keiser31

Saw this "arrest me red" Corvette the other day....

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How late did they use the Rally wheels ?

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2 minutes ago, padgett said:

How late did they use the Rally wheels ?

I don't know, but these are my favorite Corvette wheels.

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11 minutes ago, keiser31 said:

I don't know, but these are my favorite Corvette wheels.

Only two colors for a vette, red or yellow......bob

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I had one of these in the mid 80s. Mine was a 1977 and had this style rally wheel. These cars were at the bottom of the power spectrum as far as Corvettes go, but I liked mine none the less.

 

Kevin

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Even if you are not a Corvette guy (I am not), that one could steal you heart!

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GM made some great cars over the years but that generation of Corvettes sure were garbage. ¬†In the Pacific Northwest the frames just didn‚Äôt last. ¬†I recall one being lifted up on the hoist at a tire shop I worked at around 1992 and chunks of rust were literally falling off of it. ¬†But I‚Äôll never forget the license plate frame that said Wine ‚Äėem, Dine ‚Äėem, 69 ‚Äėem. ¬†That particular owner definitely fit the stereotype.

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Looks like a 1976.

It's funny to note, while this era Corvette was at the bottom of the horsepower spectrum, they were more popular than ever with the buying public. Chevrolet posted record sales this year, with sales continuing to increase over the next several years.

G.

Edited by GregLaR (see edit history)

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It is a 1975.  The '75 had the black rubber bumper guards front and back.  I had a 1974 with a 350 and automatic.  It was a very nice driving Corvette, but under-powered.  I heard these models as boulevard cruisers.  I agree with that description.

 

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It looks like our '76 because of the front and rear emblems.  Looks the same.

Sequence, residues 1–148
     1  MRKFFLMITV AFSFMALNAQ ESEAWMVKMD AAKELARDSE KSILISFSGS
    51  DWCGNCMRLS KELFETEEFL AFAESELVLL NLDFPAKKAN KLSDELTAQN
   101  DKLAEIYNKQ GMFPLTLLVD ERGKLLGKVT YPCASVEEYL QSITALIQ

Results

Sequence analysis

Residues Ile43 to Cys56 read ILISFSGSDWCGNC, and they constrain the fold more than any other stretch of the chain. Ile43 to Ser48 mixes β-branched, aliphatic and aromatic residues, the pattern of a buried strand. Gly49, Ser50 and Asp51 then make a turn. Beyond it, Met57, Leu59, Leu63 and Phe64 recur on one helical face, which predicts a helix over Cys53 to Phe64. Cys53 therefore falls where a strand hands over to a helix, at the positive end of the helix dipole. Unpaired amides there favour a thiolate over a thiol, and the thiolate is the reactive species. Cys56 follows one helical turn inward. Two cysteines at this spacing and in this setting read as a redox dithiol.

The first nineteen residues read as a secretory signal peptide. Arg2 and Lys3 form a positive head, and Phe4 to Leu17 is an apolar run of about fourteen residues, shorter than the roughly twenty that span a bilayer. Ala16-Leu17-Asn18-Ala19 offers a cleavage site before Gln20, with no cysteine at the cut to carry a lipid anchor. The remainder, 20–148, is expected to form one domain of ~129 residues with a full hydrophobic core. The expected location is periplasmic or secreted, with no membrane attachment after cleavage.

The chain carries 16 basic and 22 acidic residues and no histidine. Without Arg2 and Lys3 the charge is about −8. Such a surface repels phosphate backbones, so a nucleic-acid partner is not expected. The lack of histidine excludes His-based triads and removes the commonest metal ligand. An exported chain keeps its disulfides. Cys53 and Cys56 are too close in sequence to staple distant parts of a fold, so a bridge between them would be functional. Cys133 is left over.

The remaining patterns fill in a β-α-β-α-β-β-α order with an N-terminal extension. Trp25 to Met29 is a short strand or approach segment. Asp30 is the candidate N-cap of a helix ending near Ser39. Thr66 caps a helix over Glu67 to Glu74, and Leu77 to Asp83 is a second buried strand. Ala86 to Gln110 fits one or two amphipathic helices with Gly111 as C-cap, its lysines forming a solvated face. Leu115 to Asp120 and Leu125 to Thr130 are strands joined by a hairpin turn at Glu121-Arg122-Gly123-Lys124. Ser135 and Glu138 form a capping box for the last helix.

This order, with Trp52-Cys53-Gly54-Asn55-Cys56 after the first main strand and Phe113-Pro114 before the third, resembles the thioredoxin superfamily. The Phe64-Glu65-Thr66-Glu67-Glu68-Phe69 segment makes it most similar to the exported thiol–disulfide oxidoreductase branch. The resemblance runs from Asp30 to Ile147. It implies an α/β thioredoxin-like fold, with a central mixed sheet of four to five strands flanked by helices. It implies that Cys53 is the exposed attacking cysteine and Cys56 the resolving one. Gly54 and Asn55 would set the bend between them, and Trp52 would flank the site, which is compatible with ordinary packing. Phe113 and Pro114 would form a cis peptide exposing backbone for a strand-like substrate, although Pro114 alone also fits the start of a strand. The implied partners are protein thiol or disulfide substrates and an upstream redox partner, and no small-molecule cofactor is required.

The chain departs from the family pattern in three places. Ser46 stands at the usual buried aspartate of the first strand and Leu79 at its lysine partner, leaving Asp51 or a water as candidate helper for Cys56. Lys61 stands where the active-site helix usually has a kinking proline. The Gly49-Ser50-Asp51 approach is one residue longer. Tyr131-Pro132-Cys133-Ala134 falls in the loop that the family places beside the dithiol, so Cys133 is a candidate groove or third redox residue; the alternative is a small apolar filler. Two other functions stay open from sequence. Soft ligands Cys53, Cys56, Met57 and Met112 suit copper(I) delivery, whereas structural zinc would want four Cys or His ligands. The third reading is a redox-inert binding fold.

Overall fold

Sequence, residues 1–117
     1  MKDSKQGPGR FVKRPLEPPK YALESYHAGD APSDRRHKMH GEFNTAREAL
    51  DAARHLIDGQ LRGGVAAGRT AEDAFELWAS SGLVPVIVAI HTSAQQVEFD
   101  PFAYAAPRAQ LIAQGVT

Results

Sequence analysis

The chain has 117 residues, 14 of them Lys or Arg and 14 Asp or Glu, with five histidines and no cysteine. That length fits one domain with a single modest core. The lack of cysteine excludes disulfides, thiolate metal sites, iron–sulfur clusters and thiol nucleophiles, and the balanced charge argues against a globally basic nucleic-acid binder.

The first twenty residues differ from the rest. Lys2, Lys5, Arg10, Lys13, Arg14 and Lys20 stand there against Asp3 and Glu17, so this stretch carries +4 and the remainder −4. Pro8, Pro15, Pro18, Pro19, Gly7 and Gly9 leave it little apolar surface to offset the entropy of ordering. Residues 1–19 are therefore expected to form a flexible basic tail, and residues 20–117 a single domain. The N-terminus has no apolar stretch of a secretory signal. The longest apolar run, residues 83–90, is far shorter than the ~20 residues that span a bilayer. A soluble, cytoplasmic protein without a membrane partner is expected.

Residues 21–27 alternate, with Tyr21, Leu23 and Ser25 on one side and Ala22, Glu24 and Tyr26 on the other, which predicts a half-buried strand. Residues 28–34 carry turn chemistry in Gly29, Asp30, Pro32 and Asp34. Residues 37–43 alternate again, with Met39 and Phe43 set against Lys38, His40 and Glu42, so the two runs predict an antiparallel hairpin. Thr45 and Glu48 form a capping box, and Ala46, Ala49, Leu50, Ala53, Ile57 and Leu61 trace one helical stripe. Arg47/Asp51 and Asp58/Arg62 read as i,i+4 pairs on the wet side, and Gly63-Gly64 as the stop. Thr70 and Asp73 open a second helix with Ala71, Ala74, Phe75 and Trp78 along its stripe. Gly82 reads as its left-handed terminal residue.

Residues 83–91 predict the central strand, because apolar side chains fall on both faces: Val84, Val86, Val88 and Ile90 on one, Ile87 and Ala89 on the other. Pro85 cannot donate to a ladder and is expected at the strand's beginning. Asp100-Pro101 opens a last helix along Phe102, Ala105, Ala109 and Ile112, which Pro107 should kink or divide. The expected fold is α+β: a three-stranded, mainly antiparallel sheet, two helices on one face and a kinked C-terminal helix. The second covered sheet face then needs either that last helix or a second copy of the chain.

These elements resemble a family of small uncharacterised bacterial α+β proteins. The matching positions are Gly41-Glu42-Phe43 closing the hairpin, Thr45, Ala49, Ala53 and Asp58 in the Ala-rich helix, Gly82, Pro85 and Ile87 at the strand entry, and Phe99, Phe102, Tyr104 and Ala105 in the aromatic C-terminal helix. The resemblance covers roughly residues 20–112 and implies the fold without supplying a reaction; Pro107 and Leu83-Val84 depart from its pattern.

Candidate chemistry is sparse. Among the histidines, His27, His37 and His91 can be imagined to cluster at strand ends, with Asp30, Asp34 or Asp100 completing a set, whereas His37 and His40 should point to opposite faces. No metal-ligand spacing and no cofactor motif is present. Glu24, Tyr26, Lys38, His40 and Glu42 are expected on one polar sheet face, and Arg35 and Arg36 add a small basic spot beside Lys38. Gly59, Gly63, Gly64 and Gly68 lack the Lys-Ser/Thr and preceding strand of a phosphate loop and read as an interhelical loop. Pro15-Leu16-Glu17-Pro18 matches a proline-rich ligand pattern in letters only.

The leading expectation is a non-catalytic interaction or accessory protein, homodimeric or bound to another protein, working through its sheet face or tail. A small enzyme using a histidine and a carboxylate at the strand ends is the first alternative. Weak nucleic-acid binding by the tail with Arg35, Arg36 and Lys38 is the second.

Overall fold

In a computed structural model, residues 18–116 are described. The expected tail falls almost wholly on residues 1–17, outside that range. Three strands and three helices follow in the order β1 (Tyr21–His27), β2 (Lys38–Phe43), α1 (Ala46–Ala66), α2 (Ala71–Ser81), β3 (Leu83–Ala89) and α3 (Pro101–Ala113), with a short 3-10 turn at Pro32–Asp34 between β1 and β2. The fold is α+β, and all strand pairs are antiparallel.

As for a cruiser, I agree.  Not a high horsepower muscle car.  I think Chevrolet was selling close to 50,000 copies a year in those years.

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There was not much competition and the Corvette was still a clean style and image car.  A lot of what we call baby boomers were hitting their stride in life about that time.  I was not a Corvette guy so I bought a new Chevelle SS in 1973.  It too was underpowered but had the new body style I liked.  It’s biggest downfall was body rust, lots of it especially around the rear fender wells. After getting it repaired multiple times it was gone by 1977.

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15 hours ago, keiser31 said:

The more I looked at it, the more I liked it....

 

We call it "resale red", appears to be working.

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12 hours ago, GregLaR said:

they were more popular than ever with the buying public.

Popular with young men 8 to ten years out of the military where they had learned skills and responsibility that got them good jobs. A post war high point.

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8 hours ago, Larry Schramm said:

It looks like our '76 because of the front and rear emblems. 

 

 

You are right Larry. The '75 had much different rear lettering.

And both years had the black rubber bumperettes.

 

corvette 75.jpg

Edited by GregLaR (see edit history)

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1976 was a low point. Had the Vega steering wheel, steel floor pans because of the catalytic convertor, single exhaust, that split into  duals after the cat, and very poor build quality.

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1 hour ago, GregLaR said:

 

You are right Larry. The '75 had much different rear lettering.

And both years had the black rubber bumperettes.

 

corvette 75.jpg

sorry! my bad. I seen this picture thought it was the same car as the top one, which indeed has the one piece rear lettering.

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The rear black bumperettes were just painted black and were part of the urethane one piece bumper cover

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Doesn't a typical Kia or Honda of today

have more horsepower than this Corvette?

So the "arrest me" lure might actually go to

those modern cars!

 

Of course, the Corvette wins hands-down in

the styling category.  I've always liked this style.

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I would add white to the better colors for these C3s.  I might like for a steel bumper unit but these are a bargain I think vettes always have a following...

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Yeah, I always think of Sam from Cheers when I see that era of Corvette, but they actually are nice looking. People talk about their deficits, but I'm guessing it's probably one of the least expensive ways to get into a drive-able Corvette. I see them online for 10K or less for specimens in seemingly decent condition.

 

edit: Okay, I just fact-checked, and Sam from Cheers actually had a '67 Vette with a 427. So he wasn't as sleazy as I thought.

Edited by JamesR (see edit history)
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